Macquarie University will partner with CSIRO and industry partners for newly funded research examining the efficacy of biopesticides in controlling agricultural pests.
Dr Amanda Padovan was among 50 successful applicants in the Early Career Industry Fellowship program, announced by the Australian Research Council on 5 May. The scheme provides opportunities for new and emerging researchers to work with leading academics and industry partners to help solve national challenges.
Dr Padovan received $476,833 to lead a research project bringing together Macquarie’s Applied BioSciences with CSIRO, the Cotton Research Development Corporation and Bayer CropScience, to model how the biopesticide Bt interacts with the insect gut.
Bt is considered a valuable ‘soft’ option for the control of caterpillars, which are among the world’s most damaging insect pests. Named for the soil-dwelling bacteria Bacillus thuringiensis, which produces the active ingredient in the pesticide, Bt poses fewer environmental and human health hazards than traditional synthetic insecticides, but little is currently known about how ingested Bt kills insects. In modelling how Bt interacts with the insect gut, the project will close this knowledge gap and support the sustained and improved efficacy of Bt biopesticides.
Dr Padovan says while the focus of the project will be on the Australian cotton industry, the research will benefit a broad range of agricultural industries.
“Together with the project partners, we will be developing a rigorous testing framework to understand how insecticides work at a molecular level and detect early resistance to biopesticides, which can inform the development of new defences,” Dr Padovan says.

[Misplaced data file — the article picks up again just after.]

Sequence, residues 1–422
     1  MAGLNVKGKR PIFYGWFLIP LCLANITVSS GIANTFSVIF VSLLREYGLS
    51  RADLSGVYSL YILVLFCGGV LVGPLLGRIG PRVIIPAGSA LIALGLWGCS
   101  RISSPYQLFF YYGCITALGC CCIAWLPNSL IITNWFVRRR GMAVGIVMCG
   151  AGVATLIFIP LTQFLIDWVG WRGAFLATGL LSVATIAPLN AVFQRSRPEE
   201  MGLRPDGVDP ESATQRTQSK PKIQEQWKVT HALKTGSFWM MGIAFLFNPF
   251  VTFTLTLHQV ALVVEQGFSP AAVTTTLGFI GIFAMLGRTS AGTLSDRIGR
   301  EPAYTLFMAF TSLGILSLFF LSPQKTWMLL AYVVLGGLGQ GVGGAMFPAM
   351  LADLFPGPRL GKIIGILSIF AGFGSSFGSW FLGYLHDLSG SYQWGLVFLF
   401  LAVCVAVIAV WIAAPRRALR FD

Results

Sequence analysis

Macquarie University’s Deputy Vice-Chancellor (Research) Professor Sakkie Pretorius says the project is a great example of what can be achieved when research universities collaborate with industry to design solutions.
“We established Applied BioSciences at Macquarie in 2020 to promote impactful research and research training through partnership with industry and industry-oriented research agencies,” Professor Pretorius says. “This fellowship is a perfect illustration of what can be achieved with this collaborative mindset.”
Distinguished Professor Phil Taylor, Head of Applied BioSciences, agrees, noting that the project partners bring their own unique perspective and expertise to the project.
“Increasingly, impactful research crosses not only different disciplines, but different sectors as well,” Professor Taylor says. “Dr Padovan’s fellowship brings together higher education, a Commonwealth research agency, a rural development corporation and a commercial partner. We look forward to translating the knowledge that we create together into tangible benefits for the agricultural sector and the Australian economy.”
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